The NCAA’s proposals for possible rules changes for the 2021-22 men’s college basketball season were tweeted out last week by Matt Norlander of CBS Sports.
The survey was a mixed bag.
There were some good ideas:
▪ Award the defense the ball when it forces a held-ball (which eliminates the scenario where the defense creates a tie-up only to see the possession arrow give the ball right back to the offense);
▪ Eliminate both the 10-second backcourt violation and the five-second closely guarded call (both unnecessary in a shot-clock era);
▪ Adjust the traveling rule to allow players to take two steps after lifting their pivot feet (which would align the rules with how basketball is now played by making the spin move, the Euro-step and the step-back jumper legal by letter of the law).
There were also some less-than-stellar suggestions:
▪ Resetting team fouls at the 10-minute mark of each half and awarding two foul shots after the fifth team foul of each 10-minute quarter of the game — which would eliminate the one-and-one foul shot.
(That is essentially adopting the rules women’s NCAA basketball enacted when it switched from two halves to four quarters — but without switching to four quarters.
If men’s hoops is not going to also move to quarters, the “re-setting of team fouls” in the middle of a half would be confusing).
▪ Allowing players six fouls, with stipulations, before fouling out (My fear is that granting players additional fouls would lead to overly physical play).
▪ Limiting teams to no more than two called timeouts in the final two minutes of games (Coaches should be able to deploy their timeouts as they see fit).
Disappointingly, what was not addressed at all by the NCAA were the two factors that actually do the most to undermine the entertainment value derived from watching men’s college basketball.
1.) Way, way, way too much game stoppage as a result of instant replay reviews by the referees;
If you read this column with any regularity, you know that I loathe the seemingly never-ending parade of game officials heading to the replay monitor.
These stoppages kill the natural ebb-and-flow of college basketball and undermine a contest’s sense of unfolding drama.
Yet rather than do anything to fix this, the NCAA is seeking feedback on adding — brace yourselves — even more freakin’ replay.
Included in the current rules survey are proposals for adding replay review for basket-interference/goaltending calls made by officials and potential shot-clock violations in the final two minutes when a shot is unsuccessful.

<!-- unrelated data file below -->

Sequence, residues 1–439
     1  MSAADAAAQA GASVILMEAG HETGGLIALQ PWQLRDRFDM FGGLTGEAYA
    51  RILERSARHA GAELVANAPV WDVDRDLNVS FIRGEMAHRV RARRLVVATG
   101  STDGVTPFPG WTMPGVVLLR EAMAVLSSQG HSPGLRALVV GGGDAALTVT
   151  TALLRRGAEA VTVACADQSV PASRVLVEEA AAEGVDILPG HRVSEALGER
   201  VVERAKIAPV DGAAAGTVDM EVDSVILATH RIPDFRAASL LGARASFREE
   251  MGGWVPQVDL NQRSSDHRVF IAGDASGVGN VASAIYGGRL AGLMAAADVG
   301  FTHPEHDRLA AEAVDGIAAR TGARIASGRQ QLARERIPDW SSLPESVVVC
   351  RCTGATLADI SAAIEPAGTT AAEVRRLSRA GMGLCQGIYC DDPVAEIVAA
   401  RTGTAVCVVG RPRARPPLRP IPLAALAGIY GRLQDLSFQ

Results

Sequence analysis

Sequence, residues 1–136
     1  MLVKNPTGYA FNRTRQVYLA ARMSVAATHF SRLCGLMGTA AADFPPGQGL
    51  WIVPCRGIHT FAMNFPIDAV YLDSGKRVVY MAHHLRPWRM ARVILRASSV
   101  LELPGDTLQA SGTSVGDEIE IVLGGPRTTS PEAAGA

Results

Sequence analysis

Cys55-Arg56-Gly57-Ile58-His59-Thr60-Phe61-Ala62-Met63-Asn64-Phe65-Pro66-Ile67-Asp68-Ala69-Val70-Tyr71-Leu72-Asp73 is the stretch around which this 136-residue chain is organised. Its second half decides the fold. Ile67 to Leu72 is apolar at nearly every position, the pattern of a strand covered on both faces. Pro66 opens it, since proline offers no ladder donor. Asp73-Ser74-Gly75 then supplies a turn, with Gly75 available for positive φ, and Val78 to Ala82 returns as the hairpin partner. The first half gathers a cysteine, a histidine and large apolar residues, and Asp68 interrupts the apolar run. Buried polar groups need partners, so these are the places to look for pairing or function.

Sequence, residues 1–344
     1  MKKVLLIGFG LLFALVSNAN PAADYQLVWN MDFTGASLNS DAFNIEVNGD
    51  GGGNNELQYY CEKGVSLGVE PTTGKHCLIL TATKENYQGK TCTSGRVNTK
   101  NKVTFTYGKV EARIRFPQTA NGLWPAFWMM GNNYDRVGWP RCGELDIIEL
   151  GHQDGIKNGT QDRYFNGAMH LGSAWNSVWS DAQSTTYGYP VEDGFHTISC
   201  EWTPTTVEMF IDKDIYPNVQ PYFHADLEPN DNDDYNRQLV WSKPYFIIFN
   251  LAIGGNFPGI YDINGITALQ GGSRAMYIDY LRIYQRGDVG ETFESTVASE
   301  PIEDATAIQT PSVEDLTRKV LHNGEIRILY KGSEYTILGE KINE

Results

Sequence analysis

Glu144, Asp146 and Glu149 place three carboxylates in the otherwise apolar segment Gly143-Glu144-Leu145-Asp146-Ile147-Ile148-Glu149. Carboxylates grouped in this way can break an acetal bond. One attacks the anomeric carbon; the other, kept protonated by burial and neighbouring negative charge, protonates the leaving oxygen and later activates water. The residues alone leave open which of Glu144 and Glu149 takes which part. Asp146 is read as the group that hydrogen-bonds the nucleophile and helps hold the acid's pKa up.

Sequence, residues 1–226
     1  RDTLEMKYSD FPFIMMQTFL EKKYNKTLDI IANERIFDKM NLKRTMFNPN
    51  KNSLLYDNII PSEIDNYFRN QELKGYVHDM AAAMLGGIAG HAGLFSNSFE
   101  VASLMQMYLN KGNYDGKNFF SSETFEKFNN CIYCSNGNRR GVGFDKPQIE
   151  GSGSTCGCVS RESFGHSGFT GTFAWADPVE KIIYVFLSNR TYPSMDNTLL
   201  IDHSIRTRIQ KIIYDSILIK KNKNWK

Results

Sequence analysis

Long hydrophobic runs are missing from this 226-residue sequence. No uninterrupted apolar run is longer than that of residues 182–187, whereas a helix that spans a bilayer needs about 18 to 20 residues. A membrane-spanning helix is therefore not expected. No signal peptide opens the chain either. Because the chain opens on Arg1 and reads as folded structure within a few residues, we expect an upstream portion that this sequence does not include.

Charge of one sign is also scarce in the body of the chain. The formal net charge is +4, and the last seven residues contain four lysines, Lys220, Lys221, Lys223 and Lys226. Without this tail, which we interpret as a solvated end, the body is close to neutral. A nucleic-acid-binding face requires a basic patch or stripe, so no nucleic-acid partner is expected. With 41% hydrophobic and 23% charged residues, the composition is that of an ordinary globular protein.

News to which there is only one appropriate response: Ughhhhhhhhhhh.
My alternate replay plan would be to give each coach in games two replay challenges. Once the coaches have exhausted those challenges, no other plays can be reviewed.
So, how a coach “used his reviews” would become a new strategic element for fans to second guess. Plus, a limit of no more than four replay stoppages possible in any game would cap the number of mind-numbing monitor reviews fans must endure.
As for the other problem, off-the-ball and/or help-side defenders drawing charging calls are ruining basketball.
Is there anything worse than seeing an offensive player make an athletic move to beat his primary defender, head toward the basket poised to do something dramatic — only to be robbed of the play’s crescendo because another defender slid in front of the driver?
While “sacrificing one’s body” to step in front of an on-coming dunker may reflect commitment to one’s team, it is not really “a basketball play.”
Stealing the ball, blocking or otherwise contesting the shot should be a help-side defender’s only options.
The charge drawn by the off-the-ball defender punishes an offensive player for taking the initiative.
It bails out the primary defender who has been beaten.
In other words, the incentives created are perverse to good basketball.
This is not to suggest there should be no offensive fouls called. A player with the ball should not be able to lower his shoulder and ram through his defender like Benny Snell bulling through the line on third-and-short.
A behemoth center should not be allowed to unleash a forearm of doom to move a post defender.
What needs to be eliminated entirely, though, is off-the-ball and/or help-side defenders being rewarded for impeding drivers by drawing charges.
To do that, one could expand the restricted zone — the area under the goal in which defenders are presently not allowed to draw charges — to encompass the entire lane.
Or perhaps the rule is changed to say a charge can only be drawn by an offensive player’s primary defender and it is then left to the discretion of game officials to enforce that.
However one gets there, basketball would be a better game with 1.) dramatically fewer instant replay reviews; 2.) a full ban on charging calls drawn by help-side defenders.